The Roman Period (17AD - 395AD)

The wars came to an end in 17AD when Tiberius conquered Cappadocia and placed it under Roman rule. After the conquest, the Romans reconstructed the road to the west that was of both commercial and military significance. During the Roman era the area saw many migrations and attacks from the east. The area was defended by Roman military units known as "Legions". During the reign of Emperor Septimus Severus, Cappadocia's economy flourished, but the capital, Kayseri (Caesera) was attacked by Sassanid armies from Iran. Emperor Gordianus III ordered the construction of defensive city walls. During this time some of the first Christians were moving from the big cities to villages. In the 4th century, when Kayseri was a flourishing religious centre, the rocky landscape of Göreme was discovered. Adopting the teachings of St. Basil, Bishop of Caesarea (Kayseri), the Christians began to lead a monastic life in the carved out rocks of Cappadocia.

Hittite Period (1750-1200 BC)

People coming from Europe via the Caucasus, and settling in Cappadocia around 2000 BC, formed an Empire in the region merging with the native people of the area. Their language was of Indo-European origin. The capital of the Hittite kingdom was at Hattushash (Bogazköy), and the other important cities were Alacahöyük and Alisar. Hittite remains can be found in all the tumuli in Cappadocia. The Hittite Empire, which lasted for six centuries in the region, collapsed around 1200 BC when the confederacy of Hittite states was invaded by the Phrygian people from the Balkans.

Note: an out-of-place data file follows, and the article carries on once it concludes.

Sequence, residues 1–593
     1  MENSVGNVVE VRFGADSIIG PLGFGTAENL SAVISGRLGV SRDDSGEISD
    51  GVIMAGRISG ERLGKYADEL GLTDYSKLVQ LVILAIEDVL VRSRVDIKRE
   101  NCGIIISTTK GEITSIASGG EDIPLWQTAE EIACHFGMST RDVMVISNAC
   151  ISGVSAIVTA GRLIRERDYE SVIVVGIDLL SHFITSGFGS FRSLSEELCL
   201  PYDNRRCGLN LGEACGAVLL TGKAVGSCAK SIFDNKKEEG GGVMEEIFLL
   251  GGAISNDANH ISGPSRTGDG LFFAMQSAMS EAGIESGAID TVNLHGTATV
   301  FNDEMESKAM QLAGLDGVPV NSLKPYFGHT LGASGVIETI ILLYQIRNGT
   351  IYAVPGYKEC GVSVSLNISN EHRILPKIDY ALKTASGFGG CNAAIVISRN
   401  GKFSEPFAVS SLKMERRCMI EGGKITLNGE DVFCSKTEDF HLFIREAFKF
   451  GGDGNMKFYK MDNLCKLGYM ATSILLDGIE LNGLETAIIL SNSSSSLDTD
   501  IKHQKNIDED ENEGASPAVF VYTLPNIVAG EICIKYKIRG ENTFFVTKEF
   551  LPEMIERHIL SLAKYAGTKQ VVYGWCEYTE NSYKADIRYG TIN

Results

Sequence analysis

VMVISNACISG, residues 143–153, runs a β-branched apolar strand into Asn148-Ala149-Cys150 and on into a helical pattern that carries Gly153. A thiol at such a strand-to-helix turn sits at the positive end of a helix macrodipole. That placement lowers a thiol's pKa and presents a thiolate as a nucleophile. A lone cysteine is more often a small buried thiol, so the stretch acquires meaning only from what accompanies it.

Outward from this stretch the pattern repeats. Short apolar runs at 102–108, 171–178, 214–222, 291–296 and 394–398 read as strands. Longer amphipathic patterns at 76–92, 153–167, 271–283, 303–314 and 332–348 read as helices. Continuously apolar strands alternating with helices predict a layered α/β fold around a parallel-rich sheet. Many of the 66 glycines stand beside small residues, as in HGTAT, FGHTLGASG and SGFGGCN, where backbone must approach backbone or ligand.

The Byzantine Period (397 - 1071)

When the Roman Empire divided into two, Cappadocia fell under the eastern region. In the early 7th century there were severe wars between the Sassanid and Byzantine armies, and for 6 or 7 years the Sassanids held the area. In 638 Caliph Ömer ended the domination of the Sassanids, and the Arab Ommiades began to attack. The long lasting religious debates among sects reached a peak with the adoption of the Iconoclastic view by Leon III, who was influenced by Islamic traditions. Christian priests and monks who were in favour of icons began to take refuge in Cappadocia. The Iconoclastic period lasted over a century (726-843). During this time, although several Cappadocian churches were under the influence of Iconoclasm, the people who were in favour of icons were able to continue to worship comfortably.

Late Hittite Kingdom (1200-700 BC)

After the Phrygians destroyed all the important towns in Central Anatolia eliminating the Hittite Empire, fragments of the Late Hittite Kingdoms sprang up around central and southeast Anatolia. The Late Hittite Kingdom in Cappadocia was the Tabal kingdom, which extended over Kayseri, Nevsehir and Nigde. Rock monuments from this age, with Hittite hieroglyphics can be found at Gülsehir.

The Seljuk Period (1071-1299)

The arrival of the Seljuk Turks in Anatolia marked the beginning of a new era in history. After their victories in Iran and Mesopotamia, Turks rapidly spread throughout Anatolia, settling there in the second half of the 11th century. In 1071 the Byzantine emperor Romanos Diogenes, who was of Cappadocian origin, was defeated and captured by the Seljuk ruler Alparslan at Malazgirt. In 1080 Suleiman Shah founded the Anatolian Seljuk State, the capital of which was Konya. In 1082 Kayseri was conquered by Turks. Cities such as Nigde and Aksaray were reconstructed, and caravanserais, mosques, Madrasah, and tombs were built. The Seljuk Turks' conquest of Anatolia did not affect the administrative authority of the Patriarchy. It was only after the 14th century that its size and status were diminished.